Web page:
Note that continental crust doesn’t correspond one-for-one with the continental landmasses as we know them. Parts of the continents are submerged below sea level: southeast of Argentina, for instance, or Canada’s Hudson Bay, or the Arafrura Sea between Australia and New Guinea. Also, there are islands like Madagascar, Greenland, and Cuba that are made of continental crust, but are not “continents” in their own right. And just because it’s an island, that doesn’t make it continental crust: Hawaii, Iceland, and the Kerguelen Plateau are all examples of thick piles of basalt.
Not only is there this stark difference in the shape of the outermost rocky layer of the Earth, but there’s a stark age difference, too. Oceanic crust is constantly being generated and then recycled. It forms at oceanic ridges, and is destroyed at subduction zones. Oceanic crust is ephemeral, on the geologic timescale. It’s temporary. The oldest oceanic crust on the planet is only 200 million years old. In contrast, the buoyant rafts of continental crust resist being subducted, and when “matched” against oceanic crust, will override it, “winning” (surviving) every time. It persists. The oldest continental crust is over 4000 million years old. Its average age is younger, but there’s still an incredible discrepancy between their ages: the continental crust is on average an order of magnitude older than the oceanic crust.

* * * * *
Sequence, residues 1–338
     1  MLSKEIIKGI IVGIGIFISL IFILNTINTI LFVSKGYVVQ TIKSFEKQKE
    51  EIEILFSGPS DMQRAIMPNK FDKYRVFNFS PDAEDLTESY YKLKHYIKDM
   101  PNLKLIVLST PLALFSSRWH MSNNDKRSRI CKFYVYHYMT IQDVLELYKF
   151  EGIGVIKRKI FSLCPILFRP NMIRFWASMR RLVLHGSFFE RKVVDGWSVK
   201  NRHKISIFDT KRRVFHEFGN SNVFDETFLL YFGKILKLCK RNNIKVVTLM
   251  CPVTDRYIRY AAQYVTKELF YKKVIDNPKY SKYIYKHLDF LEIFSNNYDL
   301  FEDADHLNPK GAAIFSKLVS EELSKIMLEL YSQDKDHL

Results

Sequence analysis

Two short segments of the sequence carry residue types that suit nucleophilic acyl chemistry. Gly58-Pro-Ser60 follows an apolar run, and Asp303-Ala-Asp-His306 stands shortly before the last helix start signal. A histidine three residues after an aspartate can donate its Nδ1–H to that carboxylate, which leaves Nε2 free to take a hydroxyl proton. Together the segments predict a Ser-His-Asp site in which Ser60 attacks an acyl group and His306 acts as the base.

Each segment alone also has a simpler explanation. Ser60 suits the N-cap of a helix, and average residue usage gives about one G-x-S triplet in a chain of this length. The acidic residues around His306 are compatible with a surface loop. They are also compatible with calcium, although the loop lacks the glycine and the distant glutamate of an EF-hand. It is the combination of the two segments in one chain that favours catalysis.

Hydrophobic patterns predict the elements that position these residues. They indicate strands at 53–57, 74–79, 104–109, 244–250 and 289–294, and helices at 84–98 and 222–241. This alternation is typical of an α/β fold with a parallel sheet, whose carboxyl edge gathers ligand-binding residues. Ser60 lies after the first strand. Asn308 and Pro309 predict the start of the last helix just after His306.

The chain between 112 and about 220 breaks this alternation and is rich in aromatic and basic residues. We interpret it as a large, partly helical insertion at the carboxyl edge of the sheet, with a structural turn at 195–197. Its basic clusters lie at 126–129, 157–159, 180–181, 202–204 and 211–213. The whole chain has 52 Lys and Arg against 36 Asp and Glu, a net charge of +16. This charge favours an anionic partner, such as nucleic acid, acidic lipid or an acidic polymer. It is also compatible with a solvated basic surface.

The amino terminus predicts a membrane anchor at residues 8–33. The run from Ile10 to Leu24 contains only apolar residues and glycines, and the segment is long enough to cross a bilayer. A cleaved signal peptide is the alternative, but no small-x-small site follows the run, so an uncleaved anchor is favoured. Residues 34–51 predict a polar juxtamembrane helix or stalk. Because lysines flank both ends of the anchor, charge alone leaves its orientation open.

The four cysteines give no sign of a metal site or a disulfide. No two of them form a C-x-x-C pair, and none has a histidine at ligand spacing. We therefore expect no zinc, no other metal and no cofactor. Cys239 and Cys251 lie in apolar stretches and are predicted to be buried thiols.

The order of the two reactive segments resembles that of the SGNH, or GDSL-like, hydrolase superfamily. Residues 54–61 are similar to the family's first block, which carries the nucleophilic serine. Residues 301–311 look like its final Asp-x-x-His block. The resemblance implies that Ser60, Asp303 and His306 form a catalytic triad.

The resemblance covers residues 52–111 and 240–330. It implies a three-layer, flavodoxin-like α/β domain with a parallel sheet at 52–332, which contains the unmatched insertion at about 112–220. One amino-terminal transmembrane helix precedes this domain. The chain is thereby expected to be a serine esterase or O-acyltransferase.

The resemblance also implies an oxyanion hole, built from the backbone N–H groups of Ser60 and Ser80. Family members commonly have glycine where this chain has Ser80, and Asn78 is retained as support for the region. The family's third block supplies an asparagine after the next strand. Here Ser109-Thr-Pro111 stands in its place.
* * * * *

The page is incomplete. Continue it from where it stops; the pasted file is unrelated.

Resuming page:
Now that we’ve established that big picture, let’s consider the small picture: the zircon crystals that are key to this study. Zircon is a mineral that is made from three elements: oxygen and silicon (O and Si, which is what most of the crust is made of), plus this less common atom called zirconium (Zr). The chemical formula is ZrSiO4.
Here’s how those atoms get put together to make a zircon crystal in an interactive JSmol 3D model: Blue is zirconium, tan is silicon, and red is oxygen. Grab it and give it a wiggle:
Zircons are really, really useful in a range of different kinds of studies. The reasons for this are:
1) They are hard. On the Mohs scale, they rank a 7.5, which is harder than quartz.